Public exposure to scenes of torture on TV is the psychological equivalent of smoking cigarettes or eating mercury-tainted fish. Whether it’s intentional or not, TV torture serves as a method of indoctrination. It disguises an especially degenerate form of brutality as a necessary evil to protect national security. In the process, our collective mental health is undergoing shock treatment.
American “hero” Jack Bauer’s momentary reluctance to torture the alleged terrorists on Fox’s hit TV show “24” is touching. Obviously, the good guy can’t be as bad as the bad guy who inflicts pain unhesitatingly. The show’s breathless viewers patiently endure Bauer’s fleeting scruples to get to the good part—the sado-masochistic thrill of peeping at talented actors who make torture seem very realistic.
Viewers have a great cover-up for getting their jollies in such a degenerate way: A suitcase nuke will detonate in Los Angeles if Jack doesn’t place a clear plastic baggie over the terrorist’s head and start to suffocate him. If viewers were honest with themselves, they would say after the show: “I don’t know why I watch this stuff, but those torture scenes are sure the best parts.” We can anticipate more “best parts” because TV torture’s contamination of the airwaves is up 600 percent since 9/11, according to the Parents’ Television Council.
Hollywood denies it, of course, saying that TV torture is a harmless dramatic device. But when Rush Limbaugh rushes to Hollywood’s defense, proclaiming, “It’s just a TV show—Get a grip,” we know it’s time for a full investigation. Of course, the right wing has for decades been critical of Hollywood movies that have featured the dramatic devices of sex, profanity, and violence. But innocently torturing evil people is apparently family entertainment. According to conservative talk show host Laura Ingraham, it’s also a patriotic way to participate in the war effort. As she told Bill O’Reilly: "The average American out there loves the show 24. OK? They love Jack Bauer. They love 24. In my mind that's close to a national referendum that it's OK to use tough tactics against high-level Al Qaeda operatives as we're going to get."
Before we rush to yank out some terrorist’s fingernails, can’t we pause for a glance at ourselves? The more acutely we feel our helplessness (i.e. we can’t find that suitcase nuke), the more we’re tempted to resort to some inappropriate or self-defeating expression of power such as torture. William Schulz, former director of Amnesty International, said earlier this month at Harvard University that the feeling since 9/11 of national powerlessness against a shadowy enemy has created a climate for entertaining torture. But we’re not powerless at all. In fact, we’re supposed to be powerful people, mainly because of our noble character. Feelings of helplessness are leftover emotions from childhood, which we’re responsible for overcoming. To resort to torture because of our sense of helplessness is like starting to smoke cigarettes because we can’t resist peer pressure. We’re supposed to be strong enough to resist the temptation to relive old unresolved feelings of helplessness.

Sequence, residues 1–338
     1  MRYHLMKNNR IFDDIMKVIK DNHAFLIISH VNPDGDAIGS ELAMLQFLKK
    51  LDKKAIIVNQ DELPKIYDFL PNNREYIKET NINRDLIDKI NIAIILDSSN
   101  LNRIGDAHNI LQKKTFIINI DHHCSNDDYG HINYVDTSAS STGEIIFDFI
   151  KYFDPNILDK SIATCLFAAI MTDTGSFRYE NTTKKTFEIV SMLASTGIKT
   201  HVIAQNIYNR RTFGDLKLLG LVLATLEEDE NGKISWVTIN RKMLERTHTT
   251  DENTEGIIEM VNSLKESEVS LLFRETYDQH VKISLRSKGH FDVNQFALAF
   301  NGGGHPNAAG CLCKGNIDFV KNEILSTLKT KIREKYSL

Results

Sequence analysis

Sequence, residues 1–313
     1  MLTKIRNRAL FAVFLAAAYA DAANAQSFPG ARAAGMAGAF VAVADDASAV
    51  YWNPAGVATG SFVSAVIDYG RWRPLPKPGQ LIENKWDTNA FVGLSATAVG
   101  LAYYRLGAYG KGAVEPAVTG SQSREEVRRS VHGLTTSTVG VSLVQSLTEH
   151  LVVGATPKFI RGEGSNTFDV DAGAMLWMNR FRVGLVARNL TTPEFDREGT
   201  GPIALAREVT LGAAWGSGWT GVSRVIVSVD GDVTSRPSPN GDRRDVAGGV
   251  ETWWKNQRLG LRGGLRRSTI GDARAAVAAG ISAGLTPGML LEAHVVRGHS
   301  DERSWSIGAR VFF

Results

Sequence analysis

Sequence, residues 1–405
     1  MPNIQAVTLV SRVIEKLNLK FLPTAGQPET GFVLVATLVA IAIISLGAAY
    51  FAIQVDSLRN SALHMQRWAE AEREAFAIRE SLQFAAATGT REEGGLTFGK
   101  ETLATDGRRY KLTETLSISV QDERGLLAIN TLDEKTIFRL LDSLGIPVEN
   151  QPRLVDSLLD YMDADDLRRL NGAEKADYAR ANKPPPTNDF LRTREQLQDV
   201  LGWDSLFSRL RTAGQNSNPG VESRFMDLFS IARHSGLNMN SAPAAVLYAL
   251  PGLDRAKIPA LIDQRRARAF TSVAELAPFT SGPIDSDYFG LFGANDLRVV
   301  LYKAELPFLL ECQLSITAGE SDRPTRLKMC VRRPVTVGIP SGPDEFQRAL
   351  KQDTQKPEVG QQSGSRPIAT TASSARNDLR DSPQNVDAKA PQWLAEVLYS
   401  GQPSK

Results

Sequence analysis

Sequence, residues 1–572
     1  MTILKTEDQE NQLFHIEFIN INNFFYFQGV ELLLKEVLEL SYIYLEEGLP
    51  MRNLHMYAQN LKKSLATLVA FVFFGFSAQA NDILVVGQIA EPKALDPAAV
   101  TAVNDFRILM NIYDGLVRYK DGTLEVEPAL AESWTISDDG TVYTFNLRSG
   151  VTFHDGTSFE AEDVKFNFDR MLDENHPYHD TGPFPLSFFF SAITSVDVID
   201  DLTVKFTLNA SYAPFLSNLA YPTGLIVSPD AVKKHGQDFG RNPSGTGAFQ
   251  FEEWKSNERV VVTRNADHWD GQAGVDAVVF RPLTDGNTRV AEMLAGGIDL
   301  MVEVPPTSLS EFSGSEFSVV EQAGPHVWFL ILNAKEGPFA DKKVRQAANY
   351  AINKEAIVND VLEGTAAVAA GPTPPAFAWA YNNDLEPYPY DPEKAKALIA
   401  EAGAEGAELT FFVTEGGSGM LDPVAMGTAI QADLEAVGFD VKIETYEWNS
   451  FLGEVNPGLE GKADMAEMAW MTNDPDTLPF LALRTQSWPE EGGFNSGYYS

Torture as a means to an end is seductive for weak-minded people. Once an up-and-coming torturer breaks the back of his initial repugnance, he finds it easy to be drawn deep into the “gratification” of having that power over others. Part of the appeal involves his identification with the helplessness of the victim, which is unconscious and yet perversely enticing. The same inner dynamic influences pedophiles, who get their kicks, in part, from their identification with the helplessness of their young victims.
Even the U.S. Army is worried about the influence of TV torture. West Point dean, Army Brig. Gen. Patrick Finnegan, flew to Los Angeles last fall and told “24’s” creative team that his students, avid viewers of the series, were learning terrible fallacies about the utility of torture.
According to Finnegan, it had become increasingly difficult to convince some cadets that America had to respect the rule of law and human rights, even when terrorists did not. Resistance and misperceptions were being spread by “24,” he suggested, which was exceptionally popular with his students. These are educated college kids, and still they’re perversely affected by this “dramatic device.”
We know that some Americans have tortured, in real life, alleged terrorists in captivity. Torturers can quickly become sadistic, whereby the act of exerting abusive power over others becomes eroticized and addictive. This barbarism, as a kind of emotional and psychological virus, can spread into U.S. society.
Former torturers, having regressed, become abusive and domineering husbands, fathers, and bosses—and breed new generations of angry, negative people.
Those of us who watch the TV version of torture are also unconsciously absorbing emotional toxins. Though we may like to think it’s just entertainment, at an emotional level we take in a resonance with the brutish mentality and experience of the torturer, especially when he’s a “good” guy like Jack. We tend to alternate back and forth from that feeling to one already mentioned, an identification with the helplessness of Jack’s trussed-up punching bag. Both of these emotional experiences are highly negative. Our psyche is easily contaminated by negative influences that are registered unconsciously, just as we are not usually aware when environmental toxins enter our bloodstream.
America hasn’t embraced torture as a device, literary or otherwise, but we’re sure flirting with it. TV torture is part of that flirtation. Our intrigue with the evil of torture exposes a great moral and psychological weakness of ours. This weakness consists of us not quite knowing who we are. We haven’t fully embraced our humanity. This is remedied when each of us, one by one, does our part to become fully human.